Ask the SF Fed
“Ask the SF Fed” is a series of live discussions on various topics that impact communities, families, and businesses across our District. During the event, our featured speaker will answer questions that have been pre-submitted by the public. We invite you to subscribe to learn more about future Ask the SF Fed events.
Watch our live discussion from February 7, 2023 on Inflation and the Economy with Sylvain Leduc, EVP and Director of Research at the San Francisco Federal Reserve.
During this event, Sylvain covered the drivers of high inflation, current labor market dynamics, and the Fed’s efforts to restore price stability. He also answered pre-submitted questions from the public in a discussion forum with our host moderator, Laura Monfredini, Senior Vice President.
This was a livestreamed event open to everyone.
Quick Clips from Ask the SF Fed | February 7, 2023
Mix of Inflation Contributors Is Changing
Core services inflation has been rising over the past year, while goods inflation and energy inflation have been moderating in recent months. This means the mix of inflation contributors is changing, with services becoming a more substantial part of overall inflation.
Changing Consumption Patterns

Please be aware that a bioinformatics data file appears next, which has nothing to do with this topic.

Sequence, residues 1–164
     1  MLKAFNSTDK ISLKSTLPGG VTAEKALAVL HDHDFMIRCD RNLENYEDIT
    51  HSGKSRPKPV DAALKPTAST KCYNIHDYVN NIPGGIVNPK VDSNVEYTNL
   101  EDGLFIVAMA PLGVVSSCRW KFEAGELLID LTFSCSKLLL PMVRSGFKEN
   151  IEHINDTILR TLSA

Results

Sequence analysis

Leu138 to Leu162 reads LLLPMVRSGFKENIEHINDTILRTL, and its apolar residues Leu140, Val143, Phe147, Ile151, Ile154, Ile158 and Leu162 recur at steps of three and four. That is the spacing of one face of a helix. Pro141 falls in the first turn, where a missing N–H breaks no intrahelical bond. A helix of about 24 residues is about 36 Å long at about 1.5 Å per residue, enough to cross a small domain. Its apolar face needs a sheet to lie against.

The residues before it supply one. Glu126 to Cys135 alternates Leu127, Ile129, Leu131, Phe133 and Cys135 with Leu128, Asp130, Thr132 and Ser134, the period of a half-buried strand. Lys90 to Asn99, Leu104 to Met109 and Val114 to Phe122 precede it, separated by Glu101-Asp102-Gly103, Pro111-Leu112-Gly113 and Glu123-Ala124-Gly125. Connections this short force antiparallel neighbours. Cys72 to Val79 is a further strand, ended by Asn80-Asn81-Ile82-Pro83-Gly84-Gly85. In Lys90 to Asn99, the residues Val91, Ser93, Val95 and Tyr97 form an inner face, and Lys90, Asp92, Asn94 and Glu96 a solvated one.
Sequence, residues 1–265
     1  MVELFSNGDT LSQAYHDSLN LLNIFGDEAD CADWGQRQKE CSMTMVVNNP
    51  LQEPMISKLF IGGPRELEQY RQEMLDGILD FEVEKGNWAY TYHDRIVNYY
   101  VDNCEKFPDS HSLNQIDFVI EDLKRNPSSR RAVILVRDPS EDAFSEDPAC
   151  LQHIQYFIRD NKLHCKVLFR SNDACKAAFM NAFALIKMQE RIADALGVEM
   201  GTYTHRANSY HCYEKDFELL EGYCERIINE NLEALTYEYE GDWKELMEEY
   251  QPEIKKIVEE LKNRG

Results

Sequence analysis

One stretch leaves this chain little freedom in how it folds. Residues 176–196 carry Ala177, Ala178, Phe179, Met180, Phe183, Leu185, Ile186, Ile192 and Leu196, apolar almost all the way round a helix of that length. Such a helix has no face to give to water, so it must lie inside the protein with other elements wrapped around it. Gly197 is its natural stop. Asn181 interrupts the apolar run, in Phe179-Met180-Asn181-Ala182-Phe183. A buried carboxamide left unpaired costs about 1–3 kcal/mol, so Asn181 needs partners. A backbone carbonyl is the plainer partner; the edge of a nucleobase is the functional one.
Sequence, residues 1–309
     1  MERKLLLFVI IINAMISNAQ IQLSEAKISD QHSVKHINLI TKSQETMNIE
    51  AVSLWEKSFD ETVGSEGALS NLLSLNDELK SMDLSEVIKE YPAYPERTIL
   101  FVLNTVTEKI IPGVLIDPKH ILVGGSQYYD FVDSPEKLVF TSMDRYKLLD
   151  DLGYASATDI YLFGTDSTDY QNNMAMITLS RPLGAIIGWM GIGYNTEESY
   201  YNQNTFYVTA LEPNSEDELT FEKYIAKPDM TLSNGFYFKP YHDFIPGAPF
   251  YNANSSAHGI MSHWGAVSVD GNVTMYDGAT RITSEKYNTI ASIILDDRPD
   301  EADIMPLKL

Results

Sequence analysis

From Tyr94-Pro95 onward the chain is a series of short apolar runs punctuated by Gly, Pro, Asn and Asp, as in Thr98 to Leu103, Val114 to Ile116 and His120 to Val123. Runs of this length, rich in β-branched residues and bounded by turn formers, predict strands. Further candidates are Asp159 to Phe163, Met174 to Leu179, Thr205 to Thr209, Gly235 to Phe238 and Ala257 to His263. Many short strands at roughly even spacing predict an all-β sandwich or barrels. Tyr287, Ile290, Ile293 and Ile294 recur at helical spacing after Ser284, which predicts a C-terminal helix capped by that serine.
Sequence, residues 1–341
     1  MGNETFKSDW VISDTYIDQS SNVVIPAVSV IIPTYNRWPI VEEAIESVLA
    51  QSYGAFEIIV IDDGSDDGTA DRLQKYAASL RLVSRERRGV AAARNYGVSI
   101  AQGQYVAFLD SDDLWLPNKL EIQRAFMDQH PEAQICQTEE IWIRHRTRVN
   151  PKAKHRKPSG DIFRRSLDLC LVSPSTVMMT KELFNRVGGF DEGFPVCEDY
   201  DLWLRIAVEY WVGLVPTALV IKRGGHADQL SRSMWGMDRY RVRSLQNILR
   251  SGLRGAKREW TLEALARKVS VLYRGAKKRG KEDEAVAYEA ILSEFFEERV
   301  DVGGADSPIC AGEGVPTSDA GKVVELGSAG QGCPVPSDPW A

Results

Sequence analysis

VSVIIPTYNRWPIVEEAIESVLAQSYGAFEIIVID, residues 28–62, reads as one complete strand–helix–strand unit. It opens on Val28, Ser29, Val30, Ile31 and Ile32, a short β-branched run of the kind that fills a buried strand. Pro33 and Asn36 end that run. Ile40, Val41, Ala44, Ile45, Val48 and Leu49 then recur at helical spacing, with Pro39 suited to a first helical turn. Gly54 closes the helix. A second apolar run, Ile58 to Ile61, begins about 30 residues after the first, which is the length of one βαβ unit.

Spending patterns on goods and services were following trend lines until things abruptly changed when the pandemic arrived. People switched to buying more goods while cutting back on services. Now these trends appear to be reversing. Goods consumption is moderating, while services consumption is rising back toward its pre-pandemic trend line. This suggests the economy may be normalizing.
Goods Inflation Is Falling
For the better part of 20 years, the United States had roughly no inflation in the goods sector, largely due to technological advancements and manufacturing offshoring. That changed during the pandemic, as demand for goods surged while supply chains were disrupted, leading to high inflation. Now goods inflation is rapidly declining as supply chains recover and consumption patterns begin to shift back to pre-pandemic trends.
Services Inflation Remains High
Around two-thirds of U.S. consumer spending is on services. Inflation in this sector is currently much higher than the pre-pandemic levels we saw in the 2000s and 2010s. This is a concern for policymakers because services inflation tends to be a bit more persistent than goods inflation and is more affected by rising labor costs.
Unemployment Is Lowest Since 1960s
Right before the pandemic, the labor market was strong and the unemployment rate was below 4%, its lowest level since the 1960s. That was derailed by the pandemic, which saw unemployment surge to 14% as the economy shut down. However, unemployment quickly recovered due to strong fiscal and monetary support, as well as improving health conditions. Now the unemployment level is even lower than it was at the end of 2019.
Job Openings Are Plentiful
Job openings is a measure that tracks how many open positions exist in the economy per unemployed worker. These data started to be collected in the early 2000s. Currently, the level of job openings is the highest on record, with approximately two job vacancies per unemployed worker. This suggests historically strong demand for workers and ongoing resilience in the labor market.